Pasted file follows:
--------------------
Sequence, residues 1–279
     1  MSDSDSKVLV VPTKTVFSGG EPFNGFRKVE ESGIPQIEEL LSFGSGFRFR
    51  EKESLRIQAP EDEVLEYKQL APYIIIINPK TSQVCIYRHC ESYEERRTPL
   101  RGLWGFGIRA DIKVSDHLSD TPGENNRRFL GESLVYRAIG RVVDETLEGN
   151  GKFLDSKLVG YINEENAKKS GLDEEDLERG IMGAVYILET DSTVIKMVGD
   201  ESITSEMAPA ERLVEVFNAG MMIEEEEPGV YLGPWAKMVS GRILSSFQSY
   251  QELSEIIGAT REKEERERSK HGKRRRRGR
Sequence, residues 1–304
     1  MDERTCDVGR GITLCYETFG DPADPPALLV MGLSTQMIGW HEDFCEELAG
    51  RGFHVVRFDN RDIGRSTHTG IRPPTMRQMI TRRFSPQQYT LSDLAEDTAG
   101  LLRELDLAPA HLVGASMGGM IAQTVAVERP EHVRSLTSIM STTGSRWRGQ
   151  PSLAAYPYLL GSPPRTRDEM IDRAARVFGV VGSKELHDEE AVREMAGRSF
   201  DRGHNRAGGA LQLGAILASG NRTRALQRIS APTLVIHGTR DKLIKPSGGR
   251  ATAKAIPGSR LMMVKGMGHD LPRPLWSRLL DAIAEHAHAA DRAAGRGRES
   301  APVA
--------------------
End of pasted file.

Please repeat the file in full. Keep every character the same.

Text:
Sequence, residues 1–279
     1  MSDSDSKVLV VPTKTVFSGG EPFNGFRKVE ESGIPQIEEL LSFGSGFRFR
    51  EKESLRIQAP EDEVLEYKQL APYIIIINPK TSQVCIYRHC ESYEERRTPL
   101  RGLWGFGIRA DIKVSDHLSD TPGENNRRFL GESLVYRAIG RVVDETLEGN
   151  GKFLDSKLVG YINEENAKKS GLDEEDLERG IMGAVYILET DSTVIKMVGD
   201  ESITSEMAPA ERLVEVFNAG MMIEEEEPGV YLGPWAKMVS GRILSSFQSY
   251  QELSEIIGAT REKEERERSK HGKRRRRGR
Sequence, residues 1–304
     1  MDERTCDVGR GITLCYETFG DPADPPALLV MGLSTQMIGW HEDFCEELAG
    51  RGFHVVRFDN RDIGRSTHTG IRPPTMRQMI TRRFSPQQYT LSDLAEDTAG
   101  LLRELDLAPA HLVGASMGGM IAQTVAVERP EHVRSLTSIM STTGSRWRGQ
   151  PSLAAYPYLL GSPPRTRDEM IDRAARVFGV VGSKELHDEE AVREMAGRSF
   201  DRGHNRAGGA LQLGAILASG NRTRALQRIS APTLVIHGTR DKLIKPSGGR
   251  ATAKAIPGSR LMMVKGMGHD LPRPLWSRLL DAIAEHAHAA DRAAGRGRES
   301  APVA